Eyeliner Tattooing vs Dry Eye
Abstract: Mucosal tattooing and packed eyeliner cosmetic tattoo treatments are controversial, advocates say they can perform them safely but others are not so sure, this article discusses the current research.
Eyeliner tattooing has been widely available for several decades and the overwhelming majority of clients who have undergone this service describe satisfaction with the outcomes and no lasting negative effects.
The focus by industry members has been mostly centred on achieving aesthetically pleasing results and some have concentrated on procedural safety with particular emphasis on management of risk factors and avoiding complications.
In spite of the low incidence of adverse outcomes two types of eyeliner services have remained controversial, mucosal tattooing and packed eyeliners (implanting high concentration of pigment) these services are not performed by all cosmetic tattooists, those who do provide these services claim to have numerous clients that have had uneventful recovery and some believe that this is a debate related to the skill of the technician, yet others believe that this is a debate purely related to the eyelid anatomy and the risk profile of the treatment1.
All of the ophthalmologists that we have spoken with have expressed concern about both mucosal tattooing and packed eyeliner treatments stating that the apparent lack of immediate symptomology after these types of treatments is purely anecdotal and should not be construed as evidence of long term safety.
In July 2015 a small scale study involving 40 patients (10 with eyeliner tattooing and a control group of 30 without) was published in Cornea The journal of Cornea and External Disease. The researchers discovered a marked difference in Tear Film Break-up Time (TBUT) in the tattoo group (4.3 ± 0.9 seconds) compared to the control group (11.0 ± 4.3 seconds; P < 0.001), Meibomian gland loss was higher in the tattoo group (3.4 ± 1.5) compared to the control group (0.9 ± 0.6; P < 0.001) and there appeared to be a direct relationship between the tattoo score/proximity to the Meibomian glands2.
Q: What was the relationship between the eyeliner tattoo and the signs observed by the researchers?
A: The simplest explanation is that the closer the tattoo pigment was to the Meibomian glands and the greater the tattoo score the more likely the patient was to have Meibomian gland loss/dysfunction and consequential effects on their tear film.
Q: What does Tear Break-up Time (TBUT) mean?
A: Each time that we blink the tear film is spread across the eye surface to keep the eye moistened and healthy, the TBUT is a test performed to measure the number of seconds that pass without blinking before the tear film that was spread across the eye surface breaks down and dry spots begin to appear, usually the test is performed with a stain (fluorescein) inserted in the eye and the eye is examined under high magnification (slit lamp) to make the tear film more visible by an ophthalmologist. If the TBUT is too short then it indicates a problem with the quality and or quantity of the tear film, in the study mentioned above2 the results suggested that a reduction in Meibomian gland oil production was adversely affecting the quality of the tear film in some patients.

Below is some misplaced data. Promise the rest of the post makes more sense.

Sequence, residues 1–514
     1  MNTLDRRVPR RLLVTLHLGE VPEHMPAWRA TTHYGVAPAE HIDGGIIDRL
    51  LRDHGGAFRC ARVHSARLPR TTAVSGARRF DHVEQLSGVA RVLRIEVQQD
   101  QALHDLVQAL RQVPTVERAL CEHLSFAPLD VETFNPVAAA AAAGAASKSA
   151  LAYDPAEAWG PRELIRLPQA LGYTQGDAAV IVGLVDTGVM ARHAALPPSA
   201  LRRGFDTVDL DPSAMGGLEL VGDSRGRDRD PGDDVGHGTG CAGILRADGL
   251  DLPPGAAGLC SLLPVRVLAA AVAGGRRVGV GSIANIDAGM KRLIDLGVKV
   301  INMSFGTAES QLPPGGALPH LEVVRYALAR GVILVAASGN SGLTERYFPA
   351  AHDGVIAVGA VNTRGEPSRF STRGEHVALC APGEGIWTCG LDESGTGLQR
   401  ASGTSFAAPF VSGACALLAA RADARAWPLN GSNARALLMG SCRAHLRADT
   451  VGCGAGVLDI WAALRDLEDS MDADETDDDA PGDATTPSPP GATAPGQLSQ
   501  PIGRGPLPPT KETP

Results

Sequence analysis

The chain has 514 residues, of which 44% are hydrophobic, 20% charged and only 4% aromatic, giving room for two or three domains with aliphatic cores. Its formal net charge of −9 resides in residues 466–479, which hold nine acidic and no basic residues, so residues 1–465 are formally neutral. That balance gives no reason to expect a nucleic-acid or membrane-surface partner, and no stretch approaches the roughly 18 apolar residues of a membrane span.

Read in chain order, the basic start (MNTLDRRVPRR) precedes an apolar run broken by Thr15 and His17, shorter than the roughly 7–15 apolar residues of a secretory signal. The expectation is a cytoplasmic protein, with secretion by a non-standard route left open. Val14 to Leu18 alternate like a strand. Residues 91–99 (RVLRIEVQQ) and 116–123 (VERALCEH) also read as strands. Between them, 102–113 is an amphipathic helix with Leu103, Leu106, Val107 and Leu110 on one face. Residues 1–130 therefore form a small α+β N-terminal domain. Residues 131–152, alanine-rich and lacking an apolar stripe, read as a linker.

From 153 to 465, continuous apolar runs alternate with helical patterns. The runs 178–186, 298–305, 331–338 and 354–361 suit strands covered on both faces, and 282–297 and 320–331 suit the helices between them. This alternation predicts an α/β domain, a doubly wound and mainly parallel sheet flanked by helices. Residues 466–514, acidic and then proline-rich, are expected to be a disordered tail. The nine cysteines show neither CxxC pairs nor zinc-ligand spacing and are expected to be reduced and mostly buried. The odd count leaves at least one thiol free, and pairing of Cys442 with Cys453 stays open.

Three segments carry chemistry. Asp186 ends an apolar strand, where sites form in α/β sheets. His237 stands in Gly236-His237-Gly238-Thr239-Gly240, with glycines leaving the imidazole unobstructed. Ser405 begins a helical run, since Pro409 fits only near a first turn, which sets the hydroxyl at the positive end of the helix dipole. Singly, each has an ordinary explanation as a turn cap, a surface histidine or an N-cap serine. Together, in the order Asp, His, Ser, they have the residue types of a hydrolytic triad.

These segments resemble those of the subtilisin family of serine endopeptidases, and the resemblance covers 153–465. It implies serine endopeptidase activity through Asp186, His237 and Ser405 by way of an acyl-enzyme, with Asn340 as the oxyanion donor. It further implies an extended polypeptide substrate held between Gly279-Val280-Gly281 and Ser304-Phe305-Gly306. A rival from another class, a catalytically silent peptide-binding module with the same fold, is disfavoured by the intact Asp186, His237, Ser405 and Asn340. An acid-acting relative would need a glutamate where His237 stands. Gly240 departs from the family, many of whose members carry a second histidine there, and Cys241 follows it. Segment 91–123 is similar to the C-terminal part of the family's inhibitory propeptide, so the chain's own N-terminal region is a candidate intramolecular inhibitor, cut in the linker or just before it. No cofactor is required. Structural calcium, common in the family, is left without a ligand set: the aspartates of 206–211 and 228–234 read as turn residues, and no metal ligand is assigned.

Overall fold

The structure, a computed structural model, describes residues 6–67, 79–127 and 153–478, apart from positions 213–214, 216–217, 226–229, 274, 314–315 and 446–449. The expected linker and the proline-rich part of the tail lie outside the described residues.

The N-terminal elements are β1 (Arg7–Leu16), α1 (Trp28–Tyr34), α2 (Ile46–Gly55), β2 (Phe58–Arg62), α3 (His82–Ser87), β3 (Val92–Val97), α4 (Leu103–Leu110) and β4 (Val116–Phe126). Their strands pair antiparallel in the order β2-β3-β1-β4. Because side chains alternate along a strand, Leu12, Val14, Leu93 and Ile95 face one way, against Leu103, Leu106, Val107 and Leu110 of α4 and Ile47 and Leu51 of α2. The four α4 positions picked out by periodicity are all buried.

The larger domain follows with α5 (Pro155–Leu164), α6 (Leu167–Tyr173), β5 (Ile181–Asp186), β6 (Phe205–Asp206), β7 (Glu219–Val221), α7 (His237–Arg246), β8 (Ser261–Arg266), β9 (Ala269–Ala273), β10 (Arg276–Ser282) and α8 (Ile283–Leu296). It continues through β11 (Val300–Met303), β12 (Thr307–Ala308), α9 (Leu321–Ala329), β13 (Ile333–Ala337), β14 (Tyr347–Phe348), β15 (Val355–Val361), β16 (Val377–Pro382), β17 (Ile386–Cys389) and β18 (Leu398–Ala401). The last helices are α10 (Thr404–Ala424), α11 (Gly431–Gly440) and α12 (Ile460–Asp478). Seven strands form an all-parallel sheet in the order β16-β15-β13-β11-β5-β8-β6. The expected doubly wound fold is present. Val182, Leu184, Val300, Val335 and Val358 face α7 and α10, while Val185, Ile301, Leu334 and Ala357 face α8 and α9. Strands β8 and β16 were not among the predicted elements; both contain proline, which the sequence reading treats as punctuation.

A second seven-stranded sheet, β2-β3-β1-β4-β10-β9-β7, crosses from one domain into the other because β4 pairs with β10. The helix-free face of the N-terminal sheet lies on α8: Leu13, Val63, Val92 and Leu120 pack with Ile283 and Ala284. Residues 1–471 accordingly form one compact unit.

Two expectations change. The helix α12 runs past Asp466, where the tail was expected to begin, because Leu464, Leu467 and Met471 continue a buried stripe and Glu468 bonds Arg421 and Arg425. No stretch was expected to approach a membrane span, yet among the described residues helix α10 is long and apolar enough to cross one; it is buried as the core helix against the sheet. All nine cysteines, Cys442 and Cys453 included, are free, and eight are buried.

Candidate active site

Q: Would a patient experience symptoms due to their shortened TBUT?
Q: How important are Meibomian glands in relation to the quality of tear film and does this cause a different type of dry eye?
A: Tear film has 3 main layers;
Q: How exactly does impairment of the Meibomian glands cause evaporative dry eye?
A: Tear film is spread across the eye surface by the eyelids when we blink (similar to a windshield wiper spreading a film of rain over a car window) and because the tear film is an extremely thin layer of fluid it is highly susceptible to evaporation.
As depicted in the illustrations above the oil that is produced by the Meibomian glands tends to coat the surface of the tear film which reduces the evaporation rate by decreasing the Water-Air contact surface area and by increasing the viscosity of the tear film.
You can conduct a simple experiment to test how important the oil produced by Meibomian glands is in reducing evaporation by filling two glasses with an equal amount of water and then adding a small amount of cooking oil to one of the glasses, you will notice that the oil floats on the surface. If you mark the level of water in each glass and then leave them for a few days you will discover that the glass without the oil on the surface evaporates much faster than the one with the oil.